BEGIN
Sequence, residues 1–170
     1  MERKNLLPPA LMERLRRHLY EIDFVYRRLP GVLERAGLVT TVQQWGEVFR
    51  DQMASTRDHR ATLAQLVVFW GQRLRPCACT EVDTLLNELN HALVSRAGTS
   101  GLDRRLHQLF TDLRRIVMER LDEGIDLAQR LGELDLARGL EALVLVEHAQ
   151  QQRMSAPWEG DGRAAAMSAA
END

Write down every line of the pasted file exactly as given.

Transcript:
Sequence, residues 1–170
     1  MERKNLLPPA LMERLRRHLY EIDFVYRRLP GVLERAGLVT TVQQWGEVFR
    51  DQMASTRDHR ATLAQLVVFW GQRLRPCACT EVDTLLNELN HALVSRAGTS
   101  GLDRRLHQLF TDLRRIVMER LDEGIDLAQR LGELDLARGL EALVLVEHAQ
   151  QQRMSAPWEG DGRAAAMSAA